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Sure, the Nats are much better now than they used to be. Clearly, they will draw more fans than in the past. Options for exchange may not be as plentiful. No reasonable fan can dispute that or be unhappy about it.

But even averaging more than 30,000 fans per game for the first month, the Nats are still averaging about 10,000 empty seats per game. After Wednesday, there are 64 home games remaining.

How many of those are already sold out? Almost certainly none.

Finding seats for those who can’t make it Thursday is more difficult. It is far from impossible.

The original move pretty much violates every fundamental of Customer Service 101. Take care of those who pay for your services. And for the Nats, those are the people who buy their tickets.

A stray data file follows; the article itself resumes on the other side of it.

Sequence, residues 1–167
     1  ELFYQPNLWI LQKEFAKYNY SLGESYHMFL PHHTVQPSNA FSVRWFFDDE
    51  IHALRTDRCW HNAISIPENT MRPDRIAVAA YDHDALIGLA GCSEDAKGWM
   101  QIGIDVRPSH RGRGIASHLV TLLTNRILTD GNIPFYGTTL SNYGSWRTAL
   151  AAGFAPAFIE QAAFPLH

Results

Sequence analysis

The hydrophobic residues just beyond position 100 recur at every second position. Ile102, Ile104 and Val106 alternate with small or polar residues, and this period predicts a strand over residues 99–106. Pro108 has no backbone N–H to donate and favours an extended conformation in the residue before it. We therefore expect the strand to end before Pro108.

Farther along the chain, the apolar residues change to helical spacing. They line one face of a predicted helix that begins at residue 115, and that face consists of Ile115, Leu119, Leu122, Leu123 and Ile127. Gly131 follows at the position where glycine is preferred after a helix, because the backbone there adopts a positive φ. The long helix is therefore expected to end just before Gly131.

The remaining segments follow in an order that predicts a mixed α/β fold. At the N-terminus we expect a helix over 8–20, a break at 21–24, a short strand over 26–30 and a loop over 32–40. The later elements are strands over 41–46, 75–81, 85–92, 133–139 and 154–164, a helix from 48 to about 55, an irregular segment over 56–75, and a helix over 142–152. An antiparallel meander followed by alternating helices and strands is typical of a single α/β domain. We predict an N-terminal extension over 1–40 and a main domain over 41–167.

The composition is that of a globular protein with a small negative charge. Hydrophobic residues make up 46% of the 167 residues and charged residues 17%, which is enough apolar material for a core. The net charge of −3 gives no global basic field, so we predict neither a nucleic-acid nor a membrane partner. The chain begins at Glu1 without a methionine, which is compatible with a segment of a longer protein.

Season ticket holders deserve some extra perks, sure. Rewards points, first choice on playoff tickets and all that? No problem. That doesn’t mean those who don’t have plans deserve to be treated unfairly.

The Nats have made a lot of good choices over the years. They’ve gone from miserable to respectable to quite good on the field. Nationals Park remains a good place to watch a game.

But this is one choice the Nats needed to rethink quickly and they did. No matter how good you get or popular you become, being fair to your fans has to remain a priority.

Let’s hope that never changes.